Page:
If you’re feeling frustrated and unmotivated, it’s worth reviewing your workspace and making some changes to build better habits. It’s time to create a study sanctuary.

Balancing a laptop on your knees in a noisy communal area or multitasking at the kitchen table probably isn’t the best environment for effective learning. Consider where you feel calm and comfortable when studying and most able to focus. This could be your bedroom, a corner of a cosy café or the library. If you decide on a spot in your bedroom, clear anything that could divert your attention and try physically dividing it off to create a dedicated study area. Wherever you choose, your surroundings should have minimal distractions, a suitable temperature, good ventilation and ideally natural lighting to help prevent visual fatigue from your screen. 

Next, assess your equipment to ensure you have a good sitting posture and neutral wrists to avoid discomfort and prevent injuries. Adjust your desk and chair height if possible and the position of your monitor so the top of the screen is at, or slightly below, eye level and about an arm’s length away from your eyes. A quick way to do this is to place your laptop on a pile of books to bring it up to the correct height. There’s no need to purchase specialist equipment, however, an external keyboard and mouse may be worth investing in to allow a more flexible typing position. 

Now take some time to organise your space by checking you have all essential tools to hand such as chargers, pens, notes, drinks and snacks. Remove all unnecessary paperwork and devices and close any applications that aren’t critical to your current assignment. Empty your head of other tasks onto paper or perhaps as notes or voice memos on your smartphone. 

As well as where and how you study best, consider when you are most productive. Are you an early bird or a night owl? Experiment with a few different times, then once you’ve found a routine that works for you, you can schedule all your study sessions in advance.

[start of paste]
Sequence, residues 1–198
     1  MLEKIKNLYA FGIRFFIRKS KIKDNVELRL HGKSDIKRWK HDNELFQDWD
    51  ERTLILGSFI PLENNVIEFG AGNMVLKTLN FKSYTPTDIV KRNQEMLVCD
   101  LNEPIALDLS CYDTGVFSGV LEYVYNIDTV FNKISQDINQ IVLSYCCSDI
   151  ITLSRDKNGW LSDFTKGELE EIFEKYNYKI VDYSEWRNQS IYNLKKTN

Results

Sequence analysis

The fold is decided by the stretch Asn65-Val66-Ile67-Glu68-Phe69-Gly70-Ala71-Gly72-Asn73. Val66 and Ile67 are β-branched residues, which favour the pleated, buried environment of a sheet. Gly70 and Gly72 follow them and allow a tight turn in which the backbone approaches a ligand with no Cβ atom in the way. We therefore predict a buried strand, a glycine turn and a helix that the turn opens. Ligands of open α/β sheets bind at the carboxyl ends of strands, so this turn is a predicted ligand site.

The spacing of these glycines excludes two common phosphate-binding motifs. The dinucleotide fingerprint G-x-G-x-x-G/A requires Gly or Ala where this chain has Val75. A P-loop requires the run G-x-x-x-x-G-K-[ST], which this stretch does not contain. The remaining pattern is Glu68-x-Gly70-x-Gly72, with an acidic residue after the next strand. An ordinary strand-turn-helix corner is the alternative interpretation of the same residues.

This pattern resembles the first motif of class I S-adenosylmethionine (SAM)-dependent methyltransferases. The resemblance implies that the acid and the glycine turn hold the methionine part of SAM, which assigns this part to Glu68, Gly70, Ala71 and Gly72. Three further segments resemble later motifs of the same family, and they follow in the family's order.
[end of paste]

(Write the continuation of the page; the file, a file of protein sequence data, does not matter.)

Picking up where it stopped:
If you work better with ambient noise, try Noisli – an app that allows you to custom mix your own calming sounds to play. Need complete silence to concentrate? Try a pair of noise-cancelling headphones. 

It’s also important to take regular breaks to prevent boredom, eye strain and to release physical tension from sitting in the same position for a long time. Frequent breaks improve focus and reduce stress and if you can get outside for a few minutes, even better – a quick walk in nature eases brain fatigue and enhances wellbeing. Alternatively, a pause in the form of a meditation session can work just as well using tools such as HeadspaceStop Breathe Think and Calm.

And lastly, it’s useful to keep your goals in mind while studying, perhaps by placing words of motivation on your desk and to regularly reward yourself with simple treats such as a coffee with a friend or a TV break.

Once you have your new space prepared, you’ll be ready to enter ‘study mode’ and focus on reaching your full potential.

If you have a disability, long term health condition, specific learning difficulty or mental health condition that affects your studies, you can access a package of support including specialist software and equipment that’s tailored to your specific needs. Jump to our guide to see if you are eligible for the Disabled Students’ Allowances (DSA). 

Get in touch with us today to see what support you could receive through the DSA.